THE PALMENTO OF MT. ETNA

Ancient traditional winemaking on Etna

On Mt. Etna, each vineyard was equipped with a building that includes the home for the owner’s family, and invariably the Palmento for the transformation of the grapes produced in the vineyard.

The agricultural landscape on Mt. Etna was once defined by thousands of winery-homes, called a Palmento.  Built in lava stone, they had different architecture, sizes and opulence, depending on whether it is owned by peasants, bourgeois or nobles. In the Etnean districts, or contrade, there were many wineries, up to the highest altitudes of the volcano, each with its own Palmento, with terraced vineyards, narrow roads, dry stone walls, all in lava stone and in surprising harmony with the surrounding environment .

A unique characteristic of the contruction of an Etnean Palmento, in addition to the use of lava stone, is that of being built in such a way as to use the force of gravity in winemaking, through appropriate channelling systems, without the use of any liquid lifting equipment. The natural slope and the rugged orography of the Etna area have been wisely exploited, becoming a resource for the circulation and transport of the product during the winemaking steps.

PALMENTO CASELLE contrada Caselle in Milo Etna est

Built around 1840, this Palmento continues to carry out its functions as the home of Salvo Foti’s I Vigneri, as well as the winery and cellar for ageing and storing wines. The wine I Vigneri it is still produced today with the ancient winemaking system.

Palmento Caselle

(from Etna I Vini del Vulcano (Mt. Etna. The Wines of the Volcano) by salvo foti Maimone Editore)

During the harvest, grapes were picked by teams of workers called “chiurme”. The workers, once they had filled their baskets with grapes, built with interwoven reeds, in dialect called “coffe”, “cufini” or “cruvecchi” (according to their type and size), they carried them to the palmento. Here, the workers walked up the steps and, through a window (or a pair of windows called “buttatoio”), they dumped the grapes onto the “pista”: wide and low basin covered in slabs of lava stone, well squared and chiselled, or with “battume” where there were some workers pressed the grapes barefoot or wearing heavy shoes or boots. Fittingly, the word pista also means dance floor in Italian.

(from Etna I Vini del Vulcano (Mt. Etna. The Wines of the Volcano) by salvo foti Maimone Editore)

Through narrow channels in the lava stone, called “bocche di cane” (dog mouths), the must drained into another basin below, built with slabs of lava stone, called the “tina”, in which, during the pressing, the bunches already pressed (skin and stalks) on the “pista”.  In the “tina” the first fermentation took place in contact with the skins and the stalks, lasting from a minimum of 24 hours to a maximum of a week, depending on the type of wine and the area in which the wine was being made.  The “tini” (plural for tina) were built under the arches that supported the “pista“ in order to exploit all space available inside the palmento. However, this also made them dangerous due to the accumulation of carbon dioxide produced during fermentation, which often caused fainting and workers sometimes drowned.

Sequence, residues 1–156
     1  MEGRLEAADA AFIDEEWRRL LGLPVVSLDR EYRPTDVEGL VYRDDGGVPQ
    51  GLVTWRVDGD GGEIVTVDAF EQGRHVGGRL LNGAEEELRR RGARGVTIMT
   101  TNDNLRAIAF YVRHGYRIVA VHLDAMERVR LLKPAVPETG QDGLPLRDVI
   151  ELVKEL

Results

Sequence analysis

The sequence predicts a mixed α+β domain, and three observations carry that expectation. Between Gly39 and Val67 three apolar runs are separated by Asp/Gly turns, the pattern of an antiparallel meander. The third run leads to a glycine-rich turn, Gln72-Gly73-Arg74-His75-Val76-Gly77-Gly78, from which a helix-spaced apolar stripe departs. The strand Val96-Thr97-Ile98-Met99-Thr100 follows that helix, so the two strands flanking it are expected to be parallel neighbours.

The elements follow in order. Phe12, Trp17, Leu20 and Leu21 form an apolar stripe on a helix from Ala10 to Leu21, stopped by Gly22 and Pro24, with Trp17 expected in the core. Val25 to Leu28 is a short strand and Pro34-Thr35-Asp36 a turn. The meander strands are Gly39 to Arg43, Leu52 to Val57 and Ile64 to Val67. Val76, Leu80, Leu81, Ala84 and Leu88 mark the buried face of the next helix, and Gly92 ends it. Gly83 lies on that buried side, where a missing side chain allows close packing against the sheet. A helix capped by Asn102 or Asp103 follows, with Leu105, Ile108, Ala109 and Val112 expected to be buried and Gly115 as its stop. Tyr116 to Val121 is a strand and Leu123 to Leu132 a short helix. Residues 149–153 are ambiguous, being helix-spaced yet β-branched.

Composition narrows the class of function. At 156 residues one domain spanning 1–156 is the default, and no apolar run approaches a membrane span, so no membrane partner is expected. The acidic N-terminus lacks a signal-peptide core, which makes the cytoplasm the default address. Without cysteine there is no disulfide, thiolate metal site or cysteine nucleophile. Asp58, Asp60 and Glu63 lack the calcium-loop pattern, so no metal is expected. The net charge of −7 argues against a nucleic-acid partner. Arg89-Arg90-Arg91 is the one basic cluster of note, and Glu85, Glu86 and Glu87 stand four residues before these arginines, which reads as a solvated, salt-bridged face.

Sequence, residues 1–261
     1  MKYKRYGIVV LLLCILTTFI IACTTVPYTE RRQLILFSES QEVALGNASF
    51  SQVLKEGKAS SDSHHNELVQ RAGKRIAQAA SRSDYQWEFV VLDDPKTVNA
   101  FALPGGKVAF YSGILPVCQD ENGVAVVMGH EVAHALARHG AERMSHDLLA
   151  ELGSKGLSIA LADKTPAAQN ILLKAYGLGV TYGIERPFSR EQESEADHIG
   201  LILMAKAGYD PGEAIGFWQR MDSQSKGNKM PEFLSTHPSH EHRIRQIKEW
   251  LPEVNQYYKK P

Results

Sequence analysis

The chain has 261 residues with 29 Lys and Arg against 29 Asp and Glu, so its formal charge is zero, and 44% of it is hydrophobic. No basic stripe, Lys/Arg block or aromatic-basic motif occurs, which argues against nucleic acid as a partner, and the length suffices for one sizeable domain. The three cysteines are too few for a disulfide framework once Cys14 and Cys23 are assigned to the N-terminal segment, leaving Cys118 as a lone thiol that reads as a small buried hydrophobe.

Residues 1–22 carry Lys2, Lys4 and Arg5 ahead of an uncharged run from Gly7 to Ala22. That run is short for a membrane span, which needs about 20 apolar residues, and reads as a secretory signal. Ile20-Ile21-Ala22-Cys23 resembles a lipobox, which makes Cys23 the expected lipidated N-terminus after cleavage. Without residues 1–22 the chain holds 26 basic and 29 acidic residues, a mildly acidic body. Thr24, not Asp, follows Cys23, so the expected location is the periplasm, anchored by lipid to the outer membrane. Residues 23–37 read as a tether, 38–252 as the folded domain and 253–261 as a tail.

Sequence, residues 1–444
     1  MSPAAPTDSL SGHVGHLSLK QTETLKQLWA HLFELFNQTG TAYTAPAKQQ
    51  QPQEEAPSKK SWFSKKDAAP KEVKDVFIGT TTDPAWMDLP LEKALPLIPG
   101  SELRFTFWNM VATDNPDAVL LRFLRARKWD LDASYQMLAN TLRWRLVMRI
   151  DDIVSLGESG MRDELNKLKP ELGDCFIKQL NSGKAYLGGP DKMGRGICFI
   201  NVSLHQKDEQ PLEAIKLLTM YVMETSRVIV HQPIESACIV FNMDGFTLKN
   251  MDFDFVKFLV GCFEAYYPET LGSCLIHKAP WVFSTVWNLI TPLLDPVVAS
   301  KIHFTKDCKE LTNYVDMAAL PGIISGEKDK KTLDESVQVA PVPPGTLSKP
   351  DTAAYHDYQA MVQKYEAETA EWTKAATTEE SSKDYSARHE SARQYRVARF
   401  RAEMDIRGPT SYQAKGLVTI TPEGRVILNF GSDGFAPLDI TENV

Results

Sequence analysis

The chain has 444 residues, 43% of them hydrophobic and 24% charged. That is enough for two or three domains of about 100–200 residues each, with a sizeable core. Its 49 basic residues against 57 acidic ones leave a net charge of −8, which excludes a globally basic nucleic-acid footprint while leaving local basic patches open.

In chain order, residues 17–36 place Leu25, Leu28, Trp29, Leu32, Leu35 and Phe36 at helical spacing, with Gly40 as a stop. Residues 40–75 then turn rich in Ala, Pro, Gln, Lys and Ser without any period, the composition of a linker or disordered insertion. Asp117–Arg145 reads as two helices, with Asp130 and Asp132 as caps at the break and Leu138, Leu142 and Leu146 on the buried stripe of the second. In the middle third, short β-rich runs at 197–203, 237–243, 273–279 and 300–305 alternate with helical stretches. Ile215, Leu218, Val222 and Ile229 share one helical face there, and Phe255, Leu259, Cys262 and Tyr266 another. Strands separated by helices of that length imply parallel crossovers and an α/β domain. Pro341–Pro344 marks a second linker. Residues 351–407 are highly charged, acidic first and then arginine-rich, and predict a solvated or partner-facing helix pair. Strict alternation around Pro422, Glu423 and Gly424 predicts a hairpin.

Tradition

(from Etna I Vini del Vulcano (Mt. Etna. The Wines of the Volcano) by salvo foti Maimone Editore)

With the drawing off, from the “tina”, again through a circuit of stone canals, the must in fermentation would flow into the “ricevituri”, another lava stone basin located below the “tina”, or directly in the barrels that were in another adjacent room and below the palmento which was lower than the winemaking area, usually about 3.5-4 meters, called the “ispensa”, meaning barrel room or simply wine cellar. In the large casks and barrels made in chestnut from Mt. Etna located in the “ispensa“, which traditionally had the floor in beaten earth and a height to the ceiling of 7 meters or more, the fermenting must would complete its transformation.  The chestnut barrels were of various sizes. The average capacity was 6 to 8000 litres.

(from Etna I Vini del Vulcano (Mt. Etna. The Wines of the Volcano) by salvo foti Maimone Editore)

The pomace, called “aspa“ remaining in the “tina“ after separation from the must in fermentation, was placed in another adjacent barrel, which was rectangular, smaller and at the same level as the ricevituri, where there was the press called a “conzo”. The use of the “conzo” required the presence of expert workers guided by the so-called “mastro di conzo”, or the master of the press, who directed this work and was responsible for all the pressing operations. The “conzo” is a fairly complex machine in which the pressing takes place through the use of a counterweight in lava stone.  It consists of three basic parts: a large beam made of oak, called “lignu i conzo” or “chianca”; a central fastening mechanism, called the “scala” [step] and, another system behind the beam, called “piedi” [feet]; a front counterweight in lava stone, called “petra di conzo”, on which a long rowan wood screw is set (called the “elica”).

“The real protagonists of wine are the winemakers who, with their sacrifices, day by day, know how to understand, interpret and dialogue with the vines.”

– Salvo Foti